It’s Time for Hollywood to Act Like Diversity Matters
Marc Morial | 2/9/2015, 11:06 a.m.
“Diversity is basically a description of independence. Diversity is what moves the ball for me, and I thought ‘give people a chance that have different points of view. Let the audience decide whether they like it or not. But give those voices a chance to be seen and heard.’”
– Robert Redford, actor, director, and co-founder of Sundance Film Festival
Hosted by the Academy of Motion Picture Arts and Sciences, the 87th annual Academy Awards ceremony, better known as the Oscars, will either best be remembered for the uproar incited by this year’s homogenous nominations, or as a seminal moment for change in the Academy’s long, non-inclusive history.
For the first time since 1998, the stage has been set for our nation to celebrate its least diverse Oscars. In a year that saw Oscar-worthy turns from several actors of color, none were nominated in the acting categories, with all 20 acting nominations going to White actors. But the story doesn’t end there. Not a single woman stood among the five directors and 14 screenwriters nominated in those categories.
In a nation where nearly 51 percent of the population is female, how can formidable directors like Ava DuVernay for “Selma” and Angelina Jolie for “Unbroken” find themselves on the cutting room floor of the nomination selection? In a nation where, according to a 2014 Pew Research Center survey, “Some 43% of Millennial adults are non-white, the highest share of any generation,” how does the Academy’s nominees not reflect Hollywood’s audience base or the nation in which we live?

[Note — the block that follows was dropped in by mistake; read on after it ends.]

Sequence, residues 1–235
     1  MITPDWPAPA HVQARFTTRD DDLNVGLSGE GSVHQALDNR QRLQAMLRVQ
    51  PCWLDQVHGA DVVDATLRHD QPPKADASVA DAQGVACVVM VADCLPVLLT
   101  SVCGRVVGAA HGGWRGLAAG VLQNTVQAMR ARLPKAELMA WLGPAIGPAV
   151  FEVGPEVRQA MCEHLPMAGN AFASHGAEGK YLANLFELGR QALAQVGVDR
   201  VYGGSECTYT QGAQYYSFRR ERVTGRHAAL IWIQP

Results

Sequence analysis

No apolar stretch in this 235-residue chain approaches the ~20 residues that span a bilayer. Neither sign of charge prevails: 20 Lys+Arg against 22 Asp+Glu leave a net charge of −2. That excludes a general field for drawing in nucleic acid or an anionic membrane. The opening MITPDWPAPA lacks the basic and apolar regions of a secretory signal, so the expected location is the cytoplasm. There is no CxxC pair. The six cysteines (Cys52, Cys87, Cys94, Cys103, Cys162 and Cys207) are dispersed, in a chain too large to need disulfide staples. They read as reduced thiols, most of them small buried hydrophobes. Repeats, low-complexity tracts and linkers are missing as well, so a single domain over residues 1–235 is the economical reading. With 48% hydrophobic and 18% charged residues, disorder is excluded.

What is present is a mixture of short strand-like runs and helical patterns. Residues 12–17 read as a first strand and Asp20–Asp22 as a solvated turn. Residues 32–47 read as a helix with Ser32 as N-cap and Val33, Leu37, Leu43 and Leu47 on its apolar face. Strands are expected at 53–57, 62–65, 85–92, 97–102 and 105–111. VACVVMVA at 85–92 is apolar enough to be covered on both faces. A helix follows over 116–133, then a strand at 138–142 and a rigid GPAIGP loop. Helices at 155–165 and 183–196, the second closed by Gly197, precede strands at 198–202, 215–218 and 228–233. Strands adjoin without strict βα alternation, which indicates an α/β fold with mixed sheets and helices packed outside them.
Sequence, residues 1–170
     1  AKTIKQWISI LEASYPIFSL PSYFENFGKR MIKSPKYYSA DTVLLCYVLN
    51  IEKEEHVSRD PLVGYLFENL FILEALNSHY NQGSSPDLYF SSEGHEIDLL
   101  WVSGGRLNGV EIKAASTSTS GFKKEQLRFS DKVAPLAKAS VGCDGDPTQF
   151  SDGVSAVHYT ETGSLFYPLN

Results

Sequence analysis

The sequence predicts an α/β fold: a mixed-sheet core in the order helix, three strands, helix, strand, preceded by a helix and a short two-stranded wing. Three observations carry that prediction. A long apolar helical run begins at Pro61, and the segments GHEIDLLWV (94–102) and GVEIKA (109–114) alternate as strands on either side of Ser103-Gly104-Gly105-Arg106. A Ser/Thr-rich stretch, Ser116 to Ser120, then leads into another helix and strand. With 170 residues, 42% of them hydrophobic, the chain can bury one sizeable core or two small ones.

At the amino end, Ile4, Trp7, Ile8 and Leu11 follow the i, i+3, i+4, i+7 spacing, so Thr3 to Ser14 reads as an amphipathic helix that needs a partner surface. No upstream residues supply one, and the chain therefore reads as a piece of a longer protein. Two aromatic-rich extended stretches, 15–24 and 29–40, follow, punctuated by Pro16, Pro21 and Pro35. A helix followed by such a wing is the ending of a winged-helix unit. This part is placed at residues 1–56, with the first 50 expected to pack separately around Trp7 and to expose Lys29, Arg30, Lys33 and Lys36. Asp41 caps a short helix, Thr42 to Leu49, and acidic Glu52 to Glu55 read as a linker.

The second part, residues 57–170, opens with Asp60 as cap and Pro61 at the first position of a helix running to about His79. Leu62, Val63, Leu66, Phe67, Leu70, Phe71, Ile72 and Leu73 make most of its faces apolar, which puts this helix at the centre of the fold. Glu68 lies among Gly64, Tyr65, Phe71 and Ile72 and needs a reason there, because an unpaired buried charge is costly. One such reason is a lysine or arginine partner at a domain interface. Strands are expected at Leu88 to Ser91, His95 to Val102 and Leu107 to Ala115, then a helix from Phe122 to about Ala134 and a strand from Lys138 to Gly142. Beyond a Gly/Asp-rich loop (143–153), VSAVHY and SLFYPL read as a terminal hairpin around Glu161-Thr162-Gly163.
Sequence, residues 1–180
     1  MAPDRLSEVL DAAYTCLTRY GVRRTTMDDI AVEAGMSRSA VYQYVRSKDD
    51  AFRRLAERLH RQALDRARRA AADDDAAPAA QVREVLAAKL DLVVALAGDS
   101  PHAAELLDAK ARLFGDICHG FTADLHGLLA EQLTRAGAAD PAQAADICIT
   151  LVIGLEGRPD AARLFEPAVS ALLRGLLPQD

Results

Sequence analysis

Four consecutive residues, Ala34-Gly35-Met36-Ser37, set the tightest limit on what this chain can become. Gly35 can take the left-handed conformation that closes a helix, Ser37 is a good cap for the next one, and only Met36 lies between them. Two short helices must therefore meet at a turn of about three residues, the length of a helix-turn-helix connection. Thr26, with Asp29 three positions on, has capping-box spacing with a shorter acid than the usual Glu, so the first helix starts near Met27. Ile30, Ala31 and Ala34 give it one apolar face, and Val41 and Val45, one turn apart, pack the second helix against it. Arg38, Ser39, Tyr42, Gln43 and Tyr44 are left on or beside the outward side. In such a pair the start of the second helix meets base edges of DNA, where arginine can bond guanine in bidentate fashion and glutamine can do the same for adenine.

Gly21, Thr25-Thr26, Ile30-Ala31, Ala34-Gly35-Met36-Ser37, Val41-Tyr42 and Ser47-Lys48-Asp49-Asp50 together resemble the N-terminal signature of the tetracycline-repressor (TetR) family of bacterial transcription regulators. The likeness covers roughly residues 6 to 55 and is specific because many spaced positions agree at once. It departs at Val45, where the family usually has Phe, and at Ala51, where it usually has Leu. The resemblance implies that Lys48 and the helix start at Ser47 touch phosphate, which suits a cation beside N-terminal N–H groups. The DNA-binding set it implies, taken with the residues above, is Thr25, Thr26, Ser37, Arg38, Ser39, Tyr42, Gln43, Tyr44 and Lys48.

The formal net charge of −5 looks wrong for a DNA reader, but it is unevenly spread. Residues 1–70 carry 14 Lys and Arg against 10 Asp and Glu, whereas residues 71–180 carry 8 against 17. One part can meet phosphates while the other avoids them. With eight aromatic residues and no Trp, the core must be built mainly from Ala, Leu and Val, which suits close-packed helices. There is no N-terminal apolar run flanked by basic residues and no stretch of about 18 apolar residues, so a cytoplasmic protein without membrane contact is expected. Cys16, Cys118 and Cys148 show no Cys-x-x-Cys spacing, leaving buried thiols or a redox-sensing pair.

In response to the outcry surrounding this year’s Oscar nominations, Cheryl Boone Isaacs, the first African American and third female president of the Academy, spoke to the Associated Press and pointed to progress in the Academy’s efforts to reflect our nation’s diverse, movie-going audience. She noted, “In the last two years, we’ve made greater strides than we ever have in the past toward becoming a more diverse and inclusive organization through admitting new members and more inclusive classes of members,” adding, “I would love to see and look forward to see a greater cultural diversity among all our nominees in all of our categories.”
I share her vision, but the question remains of when those words will be put into a plan of action – and championed by the broader industry.
A much-cited 2012 survey of the Academy by the Los Angeles Times demonstrates the crux of the problem. According to the survey, the estimated 7,000 Academy members are 94 percent White, 77 percent male and have a median age of 62 – hardly a representative reflection of the nation.
While my role is not to question the film credentials of the Academy’s members, I do question the ability of such a homogenous body to reflect the perspectives, lives, and stories of a diverse pool of moviemakers – and moviegoers. I would also question the ability of the Academy to monitor itself and become a more inclusive body without the pressure of public scrutiny and advocacy.